MAVNI: A Defense Department Naturalization Program
National security isn’t just about keeping people out of the United States. It is also about letting the right people in. National security doesn’t just mean our physical security. It means our economic security, civil liberties and freedom.
The Military Accessions Vital to the National Interest program — or MAVNI — grew out of a briefing that attorney Margaret Stock gave to the secretary of the Army at a military conference in the fall of 2007, which conveyed this very idea. At the time, the military was facing a recruiting crisis. Although there were thousands of professionals in the United States who were well-qualified to serve in the military, many were not eligible for recruitment. These same professionals faced problems with our immigration system, often waiting decades for green cards or being told that they must leave the United States to apply for citizenship.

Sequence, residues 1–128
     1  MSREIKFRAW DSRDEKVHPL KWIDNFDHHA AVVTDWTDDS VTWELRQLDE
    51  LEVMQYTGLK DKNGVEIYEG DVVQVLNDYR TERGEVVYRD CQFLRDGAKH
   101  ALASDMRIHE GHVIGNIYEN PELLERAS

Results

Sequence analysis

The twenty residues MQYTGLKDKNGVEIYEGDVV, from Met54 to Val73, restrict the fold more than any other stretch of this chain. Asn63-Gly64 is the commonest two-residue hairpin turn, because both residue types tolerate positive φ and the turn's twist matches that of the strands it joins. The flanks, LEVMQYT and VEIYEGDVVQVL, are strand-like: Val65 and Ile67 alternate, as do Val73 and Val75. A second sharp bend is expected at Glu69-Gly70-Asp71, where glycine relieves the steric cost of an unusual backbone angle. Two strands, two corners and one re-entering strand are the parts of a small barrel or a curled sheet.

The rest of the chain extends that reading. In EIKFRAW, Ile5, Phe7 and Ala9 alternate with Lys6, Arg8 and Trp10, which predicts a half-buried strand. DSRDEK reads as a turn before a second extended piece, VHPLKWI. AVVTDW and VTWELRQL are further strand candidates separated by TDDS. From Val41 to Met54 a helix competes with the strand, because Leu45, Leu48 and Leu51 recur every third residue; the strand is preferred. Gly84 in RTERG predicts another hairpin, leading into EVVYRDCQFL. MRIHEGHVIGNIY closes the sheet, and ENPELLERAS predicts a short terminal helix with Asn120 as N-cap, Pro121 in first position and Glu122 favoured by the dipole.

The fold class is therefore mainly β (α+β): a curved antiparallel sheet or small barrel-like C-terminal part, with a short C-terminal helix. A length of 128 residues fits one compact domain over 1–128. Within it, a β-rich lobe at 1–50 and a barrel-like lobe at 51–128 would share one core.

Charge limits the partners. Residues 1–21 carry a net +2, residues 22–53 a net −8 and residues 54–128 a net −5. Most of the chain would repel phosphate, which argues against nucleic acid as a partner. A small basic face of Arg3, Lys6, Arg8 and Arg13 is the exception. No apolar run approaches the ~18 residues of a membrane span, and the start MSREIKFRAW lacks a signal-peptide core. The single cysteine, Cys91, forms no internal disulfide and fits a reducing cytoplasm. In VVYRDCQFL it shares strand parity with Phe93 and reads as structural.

The solution lay in the past.
During past wars, the United States had naturalized many people from other countries who served in the U.S. military. These people received citizenship in exchange for their service to our country.
MAVNI was created to allow certain legal immigrants already in the United States to join the military. There was a quota, which was increased after the program was piloted. It was highly successful, and our Anchorage, Alaska, law office was inundated with calls from people who wished to apply.
Because of this successful program, many professionals — including doctors — have served the military and gone on to become citizens of our country much more quickly than they otherwise would have.
Stock was recently recognized as a 2013 MacArthur Foundation fellow (an honor commonly referred to as the MacArthur genius grant) for her theoretical work on the connection between immigration and national security, as well as three important programs, including MAVNI.